Evolution of the hypoxia-sensitive cells involved in amniote respiratory reflexes.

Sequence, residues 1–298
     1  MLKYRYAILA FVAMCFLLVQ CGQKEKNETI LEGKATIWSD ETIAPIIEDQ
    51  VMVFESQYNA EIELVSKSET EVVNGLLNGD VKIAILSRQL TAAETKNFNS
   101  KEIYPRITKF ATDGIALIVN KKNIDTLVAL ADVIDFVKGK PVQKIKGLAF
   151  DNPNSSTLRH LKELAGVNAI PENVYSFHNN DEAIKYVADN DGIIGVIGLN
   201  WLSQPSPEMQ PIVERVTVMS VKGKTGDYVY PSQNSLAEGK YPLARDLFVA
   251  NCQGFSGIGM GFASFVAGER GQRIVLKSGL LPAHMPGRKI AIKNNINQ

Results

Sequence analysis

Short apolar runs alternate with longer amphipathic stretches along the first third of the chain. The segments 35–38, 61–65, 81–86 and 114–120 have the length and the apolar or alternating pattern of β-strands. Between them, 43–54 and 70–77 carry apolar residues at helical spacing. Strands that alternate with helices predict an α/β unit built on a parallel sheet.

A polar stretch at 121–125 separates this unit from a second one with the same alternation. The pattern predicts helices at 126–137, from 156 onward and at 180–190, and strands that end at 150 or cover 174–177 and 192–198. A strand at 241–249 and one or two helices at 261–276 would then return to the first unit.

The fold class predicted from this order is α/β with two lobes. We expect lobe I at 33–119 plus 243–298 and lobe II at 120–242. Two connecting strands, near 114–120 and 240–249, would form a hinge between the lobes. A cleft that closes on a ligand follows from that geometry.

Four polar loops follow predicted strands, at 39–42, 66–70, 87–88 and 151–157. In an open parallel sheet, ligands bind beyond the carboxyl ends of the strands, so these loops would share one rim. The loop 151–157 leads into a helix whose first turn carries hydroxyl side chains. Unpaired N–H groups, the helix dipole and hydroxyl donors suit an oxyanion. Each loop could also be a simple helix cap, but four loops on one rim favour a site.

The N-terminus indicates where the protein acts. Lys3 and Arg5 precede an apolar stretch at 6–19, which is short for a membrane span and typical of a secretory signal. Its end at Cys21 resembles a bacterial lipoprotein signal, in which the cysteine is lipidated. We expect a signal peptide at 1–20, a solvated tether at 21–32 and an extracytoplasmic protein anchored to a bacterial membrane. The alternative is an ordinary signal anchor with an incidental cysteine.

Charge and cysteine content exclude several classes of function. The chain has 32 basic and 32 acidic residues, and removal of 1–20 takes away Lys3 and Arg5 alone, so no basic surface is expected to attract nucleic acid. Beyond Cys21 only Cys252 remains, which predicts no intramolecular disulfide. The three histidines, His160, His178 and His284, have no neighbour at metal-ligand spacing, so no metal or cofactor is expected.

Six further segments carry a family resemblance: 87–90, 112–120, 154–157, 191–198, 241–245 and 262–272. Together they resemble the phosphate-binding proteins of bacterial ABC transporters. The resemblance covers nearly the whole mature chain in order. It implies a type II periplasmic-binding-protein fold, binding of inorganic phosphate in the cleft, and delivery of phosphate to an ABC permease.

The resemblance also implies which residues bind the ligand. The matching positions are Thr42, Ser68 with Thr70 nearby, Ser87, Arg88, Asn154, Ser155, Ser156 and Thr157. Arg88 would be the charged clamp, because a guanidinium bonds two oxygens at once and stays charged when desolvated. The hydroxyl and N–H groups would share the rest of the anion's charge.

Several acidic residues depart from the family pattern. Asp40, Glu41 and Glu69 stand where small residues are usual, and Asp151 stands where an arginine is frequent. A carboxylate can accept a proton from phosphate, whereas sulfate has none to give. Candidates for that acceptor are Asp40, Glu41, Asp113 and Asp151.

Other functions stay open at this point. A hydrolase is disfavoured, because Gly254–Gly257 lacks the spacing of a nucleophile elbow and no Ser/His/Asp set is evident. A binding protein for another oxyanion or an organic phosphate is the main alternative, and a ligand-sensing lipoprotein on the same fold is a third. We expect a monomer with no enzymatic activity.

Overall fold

The evolutionary origins of the hypoxia-sensitive cells that trigger amniote respiratory reflexes - carotid body glomus cells, and 'pulmonary neuroendocrine cells' (PNECs) - are obscure. Homology has been proposed between glomus cells, which are neural crest-derived, and the hypoxia-sensitive 'neuroepithelial cells' (NECs) of fish gills, whose embryonic origin is unknown. NECs have also been likened to PNECs, which differentiate in situ within lung airway epithelia. Using genetic lineage-tracing and neural crest-deficient mutants in zebrafish, and physical fate-mapping in frog and lamprey, we find that NECs are not neural crest-derived, but endoderm-derived, like PNECs, whose endodermal origin we confirm. We discover neural crest-derived catecholaminergic cells associated with zebrafish pharyngeal arch blood vessels, and propose a new model for amniote hypoxia-sensitive cell evolution: endoderm-derived NECs were retained as PNECs, while the carotid body evolved via the aggregation of neural crest-derived catecholaminergic (chromaffin) cells already associated with blood vessels in anamniote pharyngeal arches.